Specifically, the ATD stains the stolen banknotes, and should make them worthless and nontransferable after being illegally removed from a bank (Fig. 1), such as in ATM explosions. In some cases, the thieves try to clean and bleach the painted banknotes, but instrumental analytical methods should allow this procedure to be tracked. Previous studies into the extraction and identification of security dyes from banknotes have concentrated on dye-stained paper currency such as that used in the USA. The most common ATD used to deter bank robberies consists of a red dye marker, 1-methylaminoanthraquinone (MAAQ). Other types of ATDs applied include pepper spray products, such as capsaicin, dihydrocapsaicin, and nonivamide, and tear gasses, such as orthochlorobenzalmalononitrile and 2-chloroacetophenone. A less common red dye for this purpose belongs to the Rhodamine family. Recently, a series of desorption/ionization techniques applied directly to surfaces for direct ambient mass spectrometry analysis has been developed and has revolutionized the field of forensic analysis by guaranteeing sample preservation and the absence of sample preparation (Fig. 2). Ambient mass spectrometry was pioneered by desorption electrospray ionization (DESI) and direct analysis in real time (DART), and a variety of related techniques are currently available including easy ambient sonic-spray ionization (EASI) applied in this work. Analysis of bank security devices by MS with ambient ionization has been reported by applying DART-MS to identify MAAQ, orthochlorobenzalmalononitrile (tear gas), and pepper sprays containing capsaicin. Techniques using UV-visible spectroscopy, spectrofluorimetric and electroanalytical methods have been shown to have low LOD for Rhodamine B, although they require sample preparation and dye extraction, cannot distinguish between dyes of the same chemical class, and lose the spatial distribution of the dye on the banknote surface or surfaces from other forensic samples such as clothes, furniture, car components and other crime objects. Therefore, the use of an ambient mass spectrometry, herein specifically EASI-MS, seems promissing owing to its direct, nearly undisturbed analysis with sufficiently low LOD. The possibility of investigating the spatial distribution of the dye along the whole surface, even in areas subjected to apparently successful clean up procedures, is also attractive. Therefore, using Brazilian banknotes as a test case, forensic examination and identification of Rhodamine B dye (m/z 443) as anti-theft device (ATD) staining on banknotes was performed. EASI(+)-MS has been shown to function as a suitable technique for the surface inspection of suspect banknotes from ATM explosions contaminated by the ATD dye Rhodamine B.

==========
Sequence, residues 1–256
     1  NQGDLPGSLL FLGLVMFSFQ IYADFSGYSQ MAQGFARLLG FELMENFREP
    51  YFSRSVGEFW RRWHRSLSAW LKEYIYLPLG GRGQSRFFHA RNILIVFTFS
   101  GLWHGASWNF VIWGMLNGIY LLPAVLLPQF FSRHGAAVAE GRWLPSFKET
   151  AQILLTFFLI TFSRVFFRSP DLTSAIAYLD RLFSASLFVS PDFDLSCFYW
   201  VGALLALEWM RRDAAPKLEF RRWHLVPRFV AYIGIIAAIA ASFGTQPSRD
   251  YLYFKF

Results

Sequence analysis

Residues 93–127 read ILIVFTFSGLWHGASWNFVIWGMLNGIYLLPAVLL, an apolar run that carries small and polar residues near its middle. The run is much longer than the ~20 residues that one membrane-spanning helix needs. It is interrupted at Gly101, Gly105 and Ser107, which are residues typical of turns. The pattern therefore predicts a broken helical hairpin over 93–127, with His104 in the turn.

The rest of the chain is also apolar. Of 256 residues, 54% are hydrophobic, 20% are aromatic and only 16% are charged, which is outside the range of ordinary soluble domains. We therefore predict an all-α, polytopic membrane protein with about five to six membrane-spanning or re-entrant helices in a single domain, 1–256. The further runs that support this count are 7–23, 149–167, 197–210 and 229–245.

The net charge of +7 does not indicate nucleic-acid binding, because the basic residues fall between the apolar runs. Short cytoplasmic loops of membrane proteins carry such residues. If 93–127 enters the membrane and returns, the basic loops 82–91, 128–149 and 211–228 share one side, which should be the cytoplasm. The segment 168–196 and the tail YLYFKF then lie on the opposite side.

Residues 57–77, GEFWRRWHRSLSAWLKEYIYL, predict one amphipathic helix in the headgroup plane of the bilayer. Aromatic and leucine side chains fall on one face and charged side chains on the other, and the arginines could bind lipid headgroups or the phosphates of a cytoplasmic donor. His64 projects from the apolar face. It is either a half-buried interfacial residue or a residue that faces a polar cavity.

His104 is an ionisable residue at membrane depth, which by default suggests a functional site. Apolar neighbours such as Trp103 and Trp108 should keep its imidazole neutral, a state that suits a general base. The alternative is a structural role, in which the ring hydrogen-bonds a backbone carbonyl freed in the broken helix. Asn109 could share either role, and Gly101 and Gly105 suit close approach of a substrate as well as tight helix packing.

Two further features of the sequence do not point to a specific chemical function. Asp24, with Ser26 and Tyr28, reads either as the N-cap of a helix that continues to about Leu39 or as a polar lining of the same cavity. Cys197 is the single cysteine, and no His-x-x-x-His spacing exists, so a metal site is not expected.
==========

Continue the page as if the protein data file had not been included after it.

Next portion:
Fig. 2. ATD contamination inspection directly from the surface of a Brazilian banknote via EASI(+)-MS: (A) Schematic of the EASI-MS system, (B) A real ATM stained bamknote (C) The EASI mass spectrum acquired. M represents the neutral analyte laying on the surface of the banknote (red stain) wereas the blue dots represents the protonated analyte molecule [M+H]+ formed after dessorption, ionization and transfer to the gas phase.